doing this not only means that your most important stuff will be extra protected because not only do you have your password, you also have your email (and 2fa hopefully) so theyre essentially impenetrable. it also means you will never have to worry about phishing. yes just dont be a dumbass and check the sender's address and just use common sense, yeah yeah. but it helps to not have that shit spamming up your inbox and getting in the way

    • 3 weeks ago
      Anonymous

      Normie yeah. I had similar until embraced password manager. My login flow to any rarely used site was
      >try password a few times
      >all wrong
      >reset password
      >make new one
      >login
      Now I press auto type and hope I have a password ready. Still needs auto generated random email addresses. Tried one service but it wasn't quite perfect.

  5. 3 weeks ago
    Anonymous

    Just use account info and a memorizable password to create the password you use on the website
    #!/usr/bin/env sh
    site="$1"
    username="$2"
    password="$3"
    encoding="$4"
    main(){
    ( ( echo "$site" | sed -E "s@^(www.|https?://(www.)?)@@;s@/$@@"
    echo "$username"
    ) | tr '[:upper:]' '[:lower:]'
    printf "%s" "$password"
    ) | cat - /dev/zero | head -c 256 | sha384sum | cut -d -f1
    }
    cvFromHex(){ tr '[:lower:]' '[:upper:]' | basenc --base16 -d | basenc --${encoding:-z85}; }

    case "$encoding" in
    b*16|hex*) main ;;
    *) main | cvFromHex ;;
    esac

    • 3 weeks ago
      Anonymous

      BASED

  6. 3 weeks ago
    Anonymous

    nobody said they improved security.

    they make managing passwords much easier.

  7. 3 weeks ago
    Anonymous

    All my account names for anything ever are my SSN and my password is my birthday. I make sure my address, fingerprints, health records, my exactly current location, and my bank account information is perfectly accessible in every public social media platform. I do not have login credentials on my 86x Windows XP laptop which remains on public Wi-Fi at all times. I use the final version of windows explorer with firewalls disabled, no antivirus, and administrator access at all times. I click every link I ever receive in email. I answer all phonecalls regardless of country code starting with my full name, bank routing number, and checking account information making sure to fully identify each. I do not lock my doors at night.

    • 3 weeks ago
      Anonymous

      thank you giga chad.

      freedom of information is the safest way to surf the web

  8. 3 weeks ago
    Anonymous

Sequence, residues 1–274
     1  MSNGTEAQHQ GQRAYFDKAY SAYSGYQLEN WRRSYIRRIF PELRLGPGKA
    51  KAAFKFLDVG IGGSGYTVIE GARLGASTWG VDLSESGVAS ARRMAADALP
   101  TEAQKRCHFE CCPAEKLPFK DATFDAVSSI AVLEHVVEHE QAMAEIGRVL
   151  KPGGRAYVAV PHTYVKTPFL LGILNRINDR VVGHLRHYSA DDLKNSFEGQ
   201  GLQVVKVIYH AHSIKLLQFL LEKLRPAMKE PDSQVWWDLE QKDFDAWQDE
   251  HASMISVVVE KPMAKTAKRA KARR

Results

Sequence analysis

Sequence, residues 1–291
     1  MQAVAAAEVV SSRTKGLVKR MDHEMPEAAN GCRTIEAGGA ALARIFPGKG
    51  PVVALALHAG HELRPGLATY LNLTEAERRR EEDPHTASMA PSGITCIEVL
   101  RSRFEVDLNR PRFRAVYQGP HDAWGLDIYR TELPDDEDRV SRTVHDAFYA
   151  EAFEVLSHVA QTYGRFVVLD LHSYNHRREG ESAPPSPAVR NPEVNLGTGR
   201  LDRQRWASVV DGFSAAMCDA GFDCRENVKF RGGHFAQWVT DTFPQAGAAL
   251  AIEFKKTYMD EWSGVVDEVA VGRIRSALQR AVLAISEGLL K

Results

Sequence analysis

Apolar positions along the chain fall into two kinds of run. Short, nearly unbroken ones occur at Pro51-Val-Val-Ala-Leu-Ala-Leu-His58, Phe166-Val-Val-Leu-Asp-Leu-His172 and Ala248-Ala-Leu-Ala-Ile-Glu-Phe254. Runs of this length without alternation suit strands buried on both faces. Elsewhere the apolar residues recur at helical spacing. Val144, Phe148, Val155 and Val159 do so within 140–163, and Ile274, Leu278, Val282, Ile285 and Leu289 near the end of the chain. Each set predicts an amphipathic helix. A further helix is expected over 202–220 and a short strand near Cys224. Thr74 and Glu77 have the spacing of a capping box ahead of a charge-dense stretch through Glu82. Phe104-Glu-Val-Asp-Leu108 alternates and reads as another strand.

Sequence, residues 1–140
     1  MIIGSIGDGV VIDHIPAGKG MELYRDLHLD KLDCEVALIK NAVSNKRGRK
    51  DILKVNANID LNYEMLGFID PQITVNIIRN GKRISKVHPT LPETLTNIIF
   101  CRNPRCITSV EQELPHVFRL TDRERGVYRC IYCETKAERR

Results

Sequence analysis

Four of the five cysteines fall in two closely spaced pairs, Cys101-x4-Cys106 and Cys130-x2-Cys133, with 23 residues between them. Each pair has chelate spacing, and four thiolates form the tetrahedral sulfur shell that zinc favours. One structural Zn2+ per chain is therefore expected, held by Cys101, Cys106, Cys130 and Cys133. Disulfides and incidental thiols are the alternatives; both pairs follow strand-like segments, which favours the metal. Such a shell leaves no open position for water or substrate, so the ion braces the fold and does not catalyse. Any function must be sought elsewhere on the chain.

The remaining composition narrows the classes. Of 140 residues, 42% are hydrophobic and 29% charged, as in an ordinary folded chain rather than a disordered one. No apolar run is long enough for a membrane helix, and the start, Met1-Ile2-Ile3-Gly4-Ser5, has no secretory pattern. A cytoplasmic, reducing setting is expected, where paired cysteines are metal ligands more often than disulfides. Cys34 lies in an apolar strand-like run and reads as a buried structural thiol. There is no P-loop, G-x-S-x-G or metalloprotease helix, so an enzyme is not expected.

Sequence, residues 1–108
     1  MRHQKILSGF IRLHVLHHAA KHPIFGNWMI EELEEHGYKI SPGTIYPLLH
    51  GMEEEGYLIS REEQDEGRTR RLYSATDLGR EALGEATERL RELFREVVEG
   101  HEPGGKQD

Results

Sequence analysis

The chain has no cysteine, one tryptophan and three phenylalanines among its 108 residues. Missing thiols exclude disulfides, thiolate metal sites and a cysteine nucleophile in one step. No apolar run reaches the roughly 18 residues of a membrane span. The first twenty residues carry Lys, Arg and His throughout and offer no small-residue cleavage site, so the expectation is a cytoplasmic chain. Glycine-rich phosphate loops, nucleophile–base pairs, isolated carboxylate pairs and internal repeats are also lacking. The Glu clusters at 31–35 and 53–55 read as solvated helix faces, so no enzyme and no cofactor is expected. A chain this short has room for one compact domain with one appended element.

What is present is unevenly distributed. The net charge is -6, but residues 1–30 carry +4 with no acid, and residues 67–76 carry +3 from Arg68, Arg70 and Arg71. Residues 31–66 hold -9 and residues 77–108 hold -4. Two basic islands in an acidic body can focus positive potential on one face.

Firefox password manager does not have any significant extra vulnerability than locally saved credentials. The cloud backup is useless for attackers, encryption works. Password managers with account recovery add vulnerability, not relevant to me.

    Only entering passwords on the fly is slightly more secure, malware has to keylog, but I'm way too lazy.

    • 3 weeks ago
      Anonymous

      This is the only correct take.

  9. 3 weeks ago
    Anonymous

    password managets work as long as they're on-device and not connected to some homosexual cloud service, just waiting to get hacked.

    most accounts get hacked because of data breaches leaking passwords, not because of client-side viruses.

  10. 3 weeks ago
    Anonymous

    I use this:
    username = base36(tuplehash(31, masterpassword, domain))
    password = z85(tuplehash(128, masterpassword, domain, username))
    keypair = ed25519(tuplehash(256, masterpassword, "ed25519", identity))
    tuplehash(output_bits, t_1, ..., t_n) = shake128(t_1 || length(t_1) || ... || t_n || length(t_n) || n || output_bits)

    Using this scheme you can derive all your passwords and secret keys (ssh, pgp, etc.) from a single master password in a secure way.

    • 3 weeks ago
      Anonymous

      Partially known plaintext weakens a hash

      • 3 weeks ago
        Anonymous

        wrong, dumb moron.

        • 3 weeks ago
          Anonymous

          5 second google search

          • 3 weeks ago
            Anonymous

            have a nice day, dumb moron
            https://keccak.team/files/SpongeKeyed.pdf

  11. 3 weeks ago
    Anonymous

    use passkeys

    • 3 weeks ago
      Anonymous

      Not a lot of websites supports them, unfortunately.

      If you think password managers are about "improving security", you are moronic.

      That is exactly the point of my post. See

      I am fine with people using them because of convenience. I'm just tired of people shilling password managers as some kind of panacea for shit opsec, which they are not.

      .

  12. 3 weeks ago
    Anonymous

    If you think password managers are about "improving security", you are moronic.

  13. 3 weeks ago
    Anonymous

    [...]

    Is this a skitzo thread now?

    • 3 weeks ago
      Anonymous

      always has been

  14. 3 weeks ago
    Anonymous

    >Password managers are a placebo
    I think you mean a placenta.

  15. 3 weeks ago
    Anonymous

    >yes goy! always use reuse weak passwords!
    >oh and make sure you write them down so they can be easily stolen!
    psyop thread